Direction cosines are given short shrift in our schools. One thing I learned incidentally during my PhD was to always avoid sines and cosines whenever possible and instead use direction cosines. In planar geometry, sines and cosines are just fine; but in solid geometry, they are next to impossible to use.

The
direction cosines of a vector are merely the cosines of the angles that the
vector makes with the x, y, and z axes, respectively. We label these angles _{} (angle with the x
axis), _{} (angle with the y
axis), and _{} (angle with the z
axis); and we define

_{}

_{}

_{}

The cosines of the angles can be found by taking dot
products. Thus, if we have a unit
vector given by _{}, the direction cosines are

_{}

_{}

_{}

Since the vector is a unit vector, it also follows that

_{}

A vector is
usually interpreted as passing through a coordinate system’s origin. It provides direction information but not
location information. We can define a
line parametrically by starting with a vector _{}and adding an initial position _{}.

_{}

_{}

_{}

The
orientation of a plane is defined by means of the direction of a perpendicular
vector _{}. The position of the
plane is added by means of some initial conditions _{}. Thus, a plane is
given by the equation

_{}

Usually, the right side of the equation is brought to the left-hand side to obtain

_{}

or more commonly

_{}

Given three
points in space, it is easy to compute the equation of the plane passing
through them. Let us define the three
points by means of three vectors, _{},_{}, and _{}. Let us choose the
third vector as a reference. Then, two
vectors that lie in the plane are

_{}

_{}

The normalized cross product of these two vectors yield the perpendicular to the plane:

_{}

Now we have the perpendicular to the plane, and we can
continue with *Definition of a Plane* using any of the three points as an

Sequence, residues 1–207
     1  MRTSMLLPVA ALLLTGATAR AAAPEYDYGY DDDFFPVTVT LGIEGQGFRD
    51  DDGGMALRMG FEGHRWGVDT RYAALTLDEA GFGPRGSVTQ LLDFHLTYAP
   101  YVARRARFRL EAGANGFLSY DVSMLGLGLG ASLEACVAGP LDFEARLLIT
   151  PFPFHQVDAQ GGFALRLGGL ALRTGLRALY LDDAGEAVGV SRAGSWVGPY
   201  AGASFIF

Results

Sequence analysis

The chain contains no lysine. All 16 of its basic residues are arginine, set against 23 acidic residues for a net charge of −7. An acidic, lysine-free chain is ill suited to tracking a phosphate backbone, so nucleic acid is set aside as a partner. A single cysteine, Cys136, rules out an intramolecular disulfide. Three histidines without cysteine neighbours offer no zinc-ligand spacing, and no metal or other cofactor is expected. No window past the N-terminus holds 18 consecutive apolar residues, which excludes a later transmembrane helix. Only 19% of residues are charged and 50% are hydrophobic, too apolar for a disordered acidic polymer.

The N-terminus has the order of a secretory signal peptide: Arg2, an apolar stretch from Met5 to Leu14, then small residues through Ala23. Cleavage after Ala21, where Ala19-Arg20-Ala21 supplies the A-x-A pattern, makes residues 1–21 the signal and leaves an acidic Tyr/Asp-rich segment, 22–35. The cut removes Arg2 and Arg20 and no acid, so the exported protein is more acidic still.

initial condition for the plane’s location.

Given the equation of the plane

_{}

we recall that _{}, _{}, and _{}, which are the direction cosines of a vector perpendicular
to the plane. (Note that we had to
normalize the coefficients so that _{}.) Thus, if we know
that the line also passes through _{}, we can proceed to *Definition of a Line* to obtain the
parametric representation of the line:

_{}

_{}

_{}

First, we
define the point in space as _{}, the line as having direction cosines _{}, and a point on the line as _{}. A vector from the
point on the line to the point in space is

_{}

The distance between the point and line can be found with
the aid of the cross product of direction cosines and _{}.

_{}

_{}

This technique works because the line forms one side of a
triangle, _{} describes the
hypotenuse, and we want to know the length of the third side. The included angle of the line and _{} has a sine given by
the cross product. Multiplying by the
length of the hypotenuse yields the distance.

The
shortest distance from a point _{} to a plane will be
along a vector that is perpendicular to the plane. Given the equation of the plane

_{}

we recall that _{}, _{}, and _{} are the direction
cosines of a vector perpendicular to the plane. (Note that we had to normalize the coefficients so that _{}.) We choose the
point as the reference for the vector.
The line that passes through the point and is perpendicular to the plane
is

_{}

_{}

_{}

Distance along this line is measured by

_{}

_{}

_{}

or

_{}

Thus, we have only to find *t* when the line intercepts
the plane. *t* can be positive or
negative depending on whether the vector points toward or away from the
plane. We usually choose the sign so
that distance is positive.

The line and plane intercept when

_{}

Solving for *t* yields

_{}

or

_{}

Thus, the distance from the point to the plane is

_{}

Given one
coordinate system, _{}, a new system can be devised by rotating the old
system. One way to do this is through
quaternions. Here, we use direction
cosines. We assume that we know the
direction cosines of each of the axes in the new system relative to the old
system. The direction cosines of the
new x axis are _{}. Similar notation
exists for the other axes. The new
coordinates can be described in terms of the old coordinates as

_{}

The old coordinates can be described in terms of the new coordinates as

_{}